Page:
In connection with the Dutch release of my book, How Music Works, and the Dance music festival in Amsterdam (which is about electronic dance music, not choreography), I did a discussion about the impact of streaming music with Michel Lambot, one of the founders of PIAS (a consortium that helps distribute a lot of indie labels in Europe, as well as providing a lot of services for artists). It was presented by the John Adams Institute (named after the president, not the composer). Dan Hassler-Forest, who teaches at the local University of Amsterdam, was the moderator. As you can see it’s been a while since this talk happened; I wanted to do some further research and fact checking before posting this.
I began by presenting my personal take on the likely financial future faced by musical artists (as composers and musicians are referred to in the business). I’m concerned that as streaming and subscription models become the dominant way we consume music (not just music, but soon all movies, books, television, video games, journalism—almost any creative content you can name), the amount of income from those services that trickles down to the content creators might not be enough for them to live on. The knock on effect as revenue sources from ye olde media sources dries up will be considerable. Content creators will be forced to seek other avenues for their income beyond that derived from their recordings, books, movies, you name it. More on those avenues of potential income later… as it’s already happening.
I’ve written on this before. But this time I came armed with some new data, and I wanted to hear Michel’s POV—which it turns out is fairly different than mine. I have a narrow focus on this and I’m fairly skeptical of techno utopianism, so any balance from Michel would be welcome. This event wasn’t framed as a debate, but rather a talk about what is happening and the possible or probable consequences—from slightly different, though not opposing, points of view.
First the bad news
Here’s the first slide from my side of the conversation: it shows how, as of 2013 in the U.S., all other forms of music consumption except streaming are down. Streaming is up 42%, CDs are down 16% and (legal, paid for) downloads are down 11.6 % as of last July (Source: Nielsen sound scan via Digital Music News). The writing, it would seem, is on the wall.
In Sweden—the country where Spotify originated—95% of listeners now get their music via that app. It is not that high yet in the U.S., and, in the U.S. there are other competing services (Beats, Amazon Prime, Apple, You Tube and more are on the way). In the U.S., most—about 75%—of Spotify users don’t pay anything for the service or for the music they get. They put up with the ads that are supposed to cover the licensing fees and money paid to the artists and writers. For these listeners, music is—as far as they are concerned—“free.”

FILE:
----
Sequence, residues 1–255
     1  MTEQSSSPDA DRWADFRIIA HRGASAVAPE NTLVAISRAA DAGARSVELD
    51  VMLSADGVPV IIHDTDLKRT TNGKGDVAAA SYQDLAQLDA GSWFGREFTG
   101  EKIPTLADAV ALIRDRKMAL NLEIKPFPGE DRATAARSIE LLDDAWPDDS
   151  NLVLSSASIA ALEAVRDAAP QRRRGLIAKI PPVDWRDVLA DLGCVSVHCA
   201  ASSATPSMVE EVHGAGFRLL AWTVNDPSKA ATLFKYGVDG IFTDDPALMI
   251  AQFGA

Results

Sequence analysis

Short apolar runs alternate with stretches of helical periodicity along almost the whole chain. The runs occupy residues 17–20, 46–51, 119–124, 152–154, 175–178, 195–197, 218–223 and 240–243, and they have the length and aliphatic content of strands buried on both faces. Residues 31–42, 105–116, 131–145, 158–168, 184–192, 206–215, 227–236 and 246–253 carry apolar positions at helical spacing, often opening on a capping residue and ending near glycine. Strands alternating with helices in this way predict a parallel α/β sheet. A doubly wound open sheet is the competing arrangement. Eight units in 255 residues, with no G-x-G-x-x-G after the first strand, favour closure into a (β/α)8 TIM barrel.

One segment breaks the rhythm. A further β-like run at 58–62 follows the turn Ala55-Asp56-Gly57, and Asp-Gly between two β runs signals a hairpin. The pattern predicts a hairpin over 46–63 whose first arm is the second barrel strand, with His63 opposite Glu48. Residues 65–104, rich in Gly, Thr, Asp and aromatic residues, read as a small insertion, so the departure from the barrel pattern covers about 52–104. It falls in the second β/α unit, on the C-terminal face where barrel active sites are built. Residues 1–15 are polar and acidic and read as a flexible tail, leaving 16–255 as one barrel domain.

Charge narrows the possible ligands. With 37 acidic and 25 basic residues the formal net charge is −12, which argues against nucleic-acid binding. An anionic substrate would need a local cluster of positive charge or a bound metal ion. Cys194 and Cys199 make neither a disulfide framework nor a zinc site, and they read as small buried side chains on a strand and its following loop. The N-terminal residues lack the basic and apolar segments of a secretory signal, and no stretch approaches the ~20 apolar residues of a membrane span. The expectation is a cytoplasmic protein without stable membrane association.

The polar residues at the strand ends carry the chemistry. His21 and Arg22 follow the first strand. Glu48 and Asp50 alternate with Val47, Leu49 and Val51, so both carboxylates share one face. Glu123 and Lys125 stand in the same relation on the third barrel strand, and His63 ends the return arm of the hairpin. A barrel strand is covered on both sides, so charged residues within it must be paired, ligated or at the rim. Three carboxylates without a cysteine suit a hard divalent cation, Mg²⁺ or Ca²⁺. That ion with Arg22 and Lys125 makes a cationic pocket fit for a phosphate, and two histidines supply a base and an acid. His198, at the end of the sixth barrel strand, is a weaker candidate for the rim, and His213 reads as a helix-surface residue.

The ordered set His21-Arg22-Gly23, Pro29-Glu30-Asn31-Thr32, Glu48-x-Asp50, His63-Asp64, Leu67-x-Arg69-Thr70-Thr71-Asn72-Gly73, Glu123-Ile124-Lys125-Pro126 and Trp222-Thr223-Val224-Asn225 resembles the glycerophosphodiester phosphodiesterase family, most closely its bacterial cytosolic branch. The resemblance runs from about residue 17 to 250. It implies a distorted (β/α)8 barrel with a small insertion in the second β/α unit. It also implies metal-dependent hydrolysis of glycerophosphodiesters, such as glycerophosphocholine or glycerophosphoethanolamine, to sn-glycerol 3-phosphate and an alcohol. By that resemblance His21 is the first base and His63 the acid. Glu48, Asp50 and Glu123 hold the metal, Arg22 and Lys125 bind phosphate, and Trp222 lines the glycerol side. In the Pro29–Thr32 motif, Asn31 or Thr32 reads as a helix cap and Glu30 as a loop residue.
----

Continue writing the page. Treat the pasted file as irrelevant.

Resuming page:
From the NY Times:
“The service, which started in Sweden in 2008 and is now available in 55 markets around the world, has not updated its customer numbers since March 2013, when it reported 24 million users. Six million of those pay.”
Responding to this “free” model was part of the origin story of Spotify. In Sweden, illegal downloads of music were decimating their music industry at an increasing rate, so when Daniel Ek came up with a legal version of free music that would channel some money to the labels, the labels were thrilled.
However, the income from streaming is much lower than from previous ways of consuming music. Also from the NY Times, “In 2012, streaming services and satellite radio in the United States contributed just over $1 billion in revenue to the recording industry, a 59 percent increase from the year before. Still, those numbers are small compared with the $5.6 billion from downloads and physical sales, according to figures from the Recording Industry Association of America.”
This is from 2012, but you can extrapolate and imagine where things are now two years later, based on the graph. The income from downloads and physical sales will, if the graph continues its trajectory, shrink almost to nothing, and the streaming income will rise—but not to anywhere near the $5.6 billion from downloads and sales.
Maybe in some ways this is fair. I will grant that the recording industry was bloated, especially during the CD era. Tales of excess were rampant and common. CDs were way, way overpriced… and consumers sensed that they were being gouged. So they didn’t feel all that bad when illegal sites like Napster and Pirate Bay offered music for free. Consumers justified freeloading by saying they weren’t robbing the artists (who they said were being cheated anyway), but were cheating the evil record companies.
That reaction was unfortunate—especially for musicians. I accept that a serious price adjustment was in order, and lowered income might be acceptable for many of us—but maybe not as low as zero. Which is partly why streaming was so acceptable to artists and labels in Sweden—home of Pirate Bay. Anything was better than nothing, which is where things were heading. If you are falling you’ll pretty much grab anything and be thankful for it.